The bourgeoisie cannot exist without constantly revolutionizing the instruments of production, and thereby the relations of production, and with them the whole relations of society.
The labour-power is a commodity , not capital, in the hands of the labourer, and it constitutes for him a revenue so long as he can continuously repeat its sale; it functions as capital after its sale, in the hands of the capitalist, during the process of production itself.
In reality, the labourer belongs to capital before he has sold himself to capital.
In reality, the laborer belongs to capital before he has sold himself to capital. His economic bondage is both brought about and concealed by the periodic sale of himself, by his change of masters, and by the oscillation in the market price of labor power. Capitalist production, therefore, under its aspect of a continuous connected process, of a process of reproduction, produces not only commodities, not only surplus value, but it also produces and reproduces the capitalist relation; on the one side the capitalist, on the other the wage-laborer.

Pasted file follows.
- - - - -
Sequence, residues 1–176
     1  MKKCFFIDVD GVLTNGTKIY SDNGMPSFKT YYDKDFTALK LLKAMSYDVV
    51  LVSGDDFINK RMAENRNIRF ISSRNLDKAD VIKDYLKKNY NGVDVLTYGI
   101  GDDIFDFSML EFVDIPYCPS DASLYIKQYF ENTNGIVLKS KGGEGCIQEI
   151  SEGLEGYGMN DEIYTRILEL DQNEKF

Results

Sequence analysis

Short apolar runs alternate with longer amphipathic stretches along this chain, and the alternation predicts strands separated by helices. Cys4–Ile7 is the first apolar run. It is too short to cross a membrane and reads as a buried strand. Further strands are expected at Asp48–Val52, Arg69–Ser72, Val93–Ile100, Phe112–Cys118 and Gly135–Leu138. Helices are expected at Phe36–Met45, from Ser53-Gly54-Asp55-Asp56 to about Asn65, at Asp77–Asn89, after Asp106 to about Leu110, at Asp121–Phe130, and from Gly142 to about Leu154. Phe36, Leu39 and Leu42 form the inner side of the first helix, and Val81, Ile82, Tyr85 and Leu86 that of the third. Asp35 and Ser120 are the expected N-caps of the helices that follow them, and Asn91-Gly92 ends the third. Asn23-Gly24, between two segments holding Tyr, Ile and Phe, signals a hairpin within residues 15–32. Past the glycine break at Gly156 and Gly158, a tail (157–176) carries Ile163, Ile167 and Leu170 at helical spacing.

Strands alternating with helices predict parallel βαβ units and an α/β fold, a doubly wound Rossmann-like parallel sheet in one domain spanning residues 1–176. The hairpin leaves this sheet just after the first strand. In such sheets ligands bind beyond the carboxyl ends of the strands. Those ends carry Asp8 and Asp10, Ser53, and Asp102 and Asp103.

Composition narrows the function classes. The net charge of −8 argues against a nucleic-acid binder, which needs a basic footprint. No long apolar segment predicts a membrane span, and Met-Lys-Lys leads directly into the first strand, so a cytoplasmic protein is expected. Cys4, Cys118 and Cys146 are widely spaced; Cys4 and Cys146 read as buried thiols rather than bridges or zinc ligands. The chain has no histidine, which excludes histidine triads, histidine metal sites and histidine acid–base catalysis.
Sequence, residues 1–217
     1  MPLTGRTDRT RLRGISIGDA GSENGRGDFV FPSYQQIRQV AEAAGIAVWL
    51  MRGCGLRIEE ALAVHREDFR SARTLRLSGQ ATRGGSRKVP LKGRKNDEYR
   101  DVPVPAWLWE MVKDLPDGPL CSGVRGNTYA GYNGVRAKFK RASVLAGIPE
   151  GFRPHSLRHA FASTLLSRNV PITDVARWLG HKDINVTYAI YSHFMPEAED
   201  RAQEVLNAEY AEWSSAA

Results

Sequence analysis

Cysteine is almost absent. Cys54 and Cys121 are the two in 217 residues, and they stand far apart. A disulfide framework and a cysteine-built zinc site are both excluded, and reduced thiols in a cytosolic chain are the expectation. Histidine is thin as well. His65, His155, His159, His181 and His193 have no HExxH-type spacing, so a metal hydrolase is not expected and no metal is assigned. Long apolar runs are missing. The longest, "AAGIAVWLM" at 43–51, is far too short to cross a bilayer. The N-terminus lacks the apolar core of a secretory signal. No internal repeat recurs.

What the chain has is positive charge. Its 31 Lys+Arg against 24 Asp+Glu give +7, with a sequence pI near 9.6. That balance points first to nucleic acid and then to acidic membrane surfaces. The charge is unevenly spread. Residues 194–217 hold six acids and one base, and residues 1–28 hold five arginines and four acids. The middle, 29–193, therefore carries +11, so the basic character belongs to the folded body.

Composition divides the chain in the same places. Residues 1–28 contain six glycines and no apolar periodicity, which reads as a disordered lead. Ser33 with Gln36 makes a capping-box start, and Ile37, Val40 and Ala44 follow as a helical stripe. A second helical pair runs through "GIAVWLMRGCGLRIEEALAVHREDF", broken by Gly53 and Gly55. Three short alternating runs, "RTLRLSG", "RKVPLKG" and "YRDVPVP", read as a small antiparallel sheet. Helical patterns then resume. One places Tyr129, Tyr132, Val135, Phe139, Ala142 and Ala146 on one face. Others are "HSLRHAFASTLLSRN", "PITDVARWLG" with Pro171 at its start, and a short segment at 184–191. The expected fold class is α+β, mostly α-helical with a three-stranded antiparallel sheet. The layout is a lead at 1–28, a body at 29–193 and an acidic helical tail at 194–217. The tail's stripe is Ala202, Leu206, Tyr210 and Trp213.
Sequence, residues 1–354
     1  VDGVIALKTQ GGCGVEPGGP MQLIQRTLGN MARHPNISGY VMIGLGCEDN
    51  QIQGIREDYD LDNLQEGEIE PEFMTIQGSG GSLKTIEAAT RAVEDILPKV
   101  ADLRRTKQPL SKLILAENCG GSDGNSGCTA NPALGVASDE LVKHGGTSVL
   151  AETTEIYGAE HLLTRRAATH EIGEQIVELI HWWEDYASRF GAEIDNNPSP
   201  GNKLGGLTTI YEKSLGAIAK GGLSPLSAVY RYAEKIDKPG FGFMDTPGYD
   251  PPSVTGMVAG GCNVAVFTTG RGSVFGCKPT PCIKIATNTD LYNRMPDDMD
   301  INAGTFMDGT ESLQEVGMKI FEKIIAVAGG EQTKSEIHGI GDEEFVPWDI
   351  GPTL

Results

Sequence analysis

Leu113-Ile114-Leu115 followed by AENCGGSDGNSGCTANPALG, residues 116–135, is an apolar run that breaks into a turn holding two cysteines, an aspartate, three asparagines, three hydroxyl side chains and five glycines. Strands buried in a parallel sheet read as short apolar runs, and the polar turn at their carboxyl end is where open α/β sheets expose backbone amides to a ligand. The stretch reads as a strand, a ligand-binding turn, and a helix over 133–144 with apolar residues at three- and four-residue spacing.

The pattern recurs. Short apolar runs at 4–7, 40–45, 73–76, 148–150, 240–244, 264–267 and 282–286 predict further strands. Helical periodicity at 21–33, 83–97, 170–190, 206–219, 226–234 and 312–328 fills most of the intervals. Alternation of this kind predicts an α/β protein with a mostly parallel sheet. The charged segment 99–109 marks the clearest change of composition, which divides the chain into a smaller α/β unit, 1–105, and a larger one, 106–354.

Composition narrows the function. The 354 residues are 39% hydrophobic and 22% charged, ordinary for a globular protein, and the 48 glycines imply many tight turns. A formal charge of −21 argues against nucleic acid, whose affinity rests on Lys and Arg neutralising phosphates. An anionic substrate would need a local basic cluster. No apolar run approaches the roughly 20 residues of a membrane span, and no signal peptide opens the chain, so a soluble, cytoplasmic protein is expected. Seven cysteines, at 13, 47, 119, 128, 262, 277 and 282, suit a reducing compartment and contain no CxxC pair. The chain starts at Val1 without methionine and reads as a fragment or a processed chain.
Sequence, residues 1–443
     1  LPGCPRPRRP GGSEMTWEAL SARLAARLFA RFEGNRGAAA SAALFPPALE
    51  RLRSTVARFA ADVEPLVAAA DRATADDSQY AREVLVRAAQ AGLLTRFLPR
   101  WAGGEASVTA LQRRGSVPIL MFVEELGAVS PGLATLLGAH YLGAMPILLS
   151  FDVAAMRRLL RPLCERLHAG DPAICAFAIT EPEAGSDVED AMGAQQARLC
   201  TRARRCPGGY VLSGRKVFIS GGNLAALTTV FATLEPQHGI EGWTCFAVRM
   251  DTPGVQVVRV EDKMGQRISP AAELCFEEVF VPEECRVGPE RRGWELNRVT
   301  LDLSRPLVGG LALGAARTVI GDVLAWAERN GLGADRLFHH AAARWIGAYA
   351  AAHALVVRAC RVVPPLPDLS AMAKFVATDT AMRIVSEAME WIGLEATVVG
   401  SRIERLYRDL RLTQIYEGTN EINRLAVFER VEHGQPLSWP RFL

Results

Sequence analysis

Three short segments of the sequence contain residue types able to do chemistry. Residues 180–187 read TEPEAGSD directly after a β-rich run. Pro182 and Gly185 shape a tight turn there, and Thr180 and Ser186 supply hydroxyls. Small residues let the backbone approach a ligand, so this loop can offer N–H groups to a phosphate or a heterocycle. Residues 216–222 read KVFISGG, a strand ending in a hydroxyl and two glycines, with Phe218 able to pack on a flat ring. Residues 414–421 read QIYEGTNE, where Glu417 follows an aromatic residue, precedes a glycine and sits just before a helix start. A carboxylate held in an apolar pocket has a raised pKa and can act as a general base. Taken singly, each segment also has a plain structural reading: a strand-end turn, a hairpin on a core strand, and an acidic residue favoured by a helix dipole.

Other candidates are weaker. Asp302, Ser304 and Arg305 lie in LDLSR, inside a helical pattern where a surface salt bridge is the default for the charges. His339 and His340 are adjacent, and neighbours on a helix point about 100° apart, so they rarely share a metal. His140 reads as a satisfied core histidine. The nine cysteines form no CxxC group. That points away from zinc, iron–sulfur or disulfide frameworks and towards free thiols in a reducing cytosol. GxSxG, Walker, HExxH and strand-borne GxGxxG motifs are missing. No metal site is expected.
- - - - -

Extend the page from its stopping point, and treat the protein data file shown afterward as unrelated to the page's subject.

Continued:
When the labourer co-operates systematically with others, he strips off the fetters of his individuality, and develops the capabilities of his species.
Science and democracy are the right and left hands of what I'll refer to as the move from the realm of necessity to the realm of freedom.
If money is the bond binding me to human life, binding society to me, binding me and nature and man, is not money the bond of all bonds? Can it not dissolve and bind all ties? Is it not, therefore, the universal agent of separation?
Philosophy stands in the same relation to the study of the actual world as masturbation to sexual love.
The burgeoisie, by the rapid improvement of all instruments of production, by the immensely facilitated means of communication, draws all nations into civilization.
Free education for all children in public schools... Combination of education with industrial production.
The Tories in England had long imagined that they were enthusiastic about the monarchy, the church and beauties of the old English Constitution, until the day of danger wrung from them the confession that they are enthusiastic only about rent.
Perseus wore a magic cap that the monsters he hunted down might not see him. We draw the magic cap down over eyes and ears as a make-believe that there are no monsters.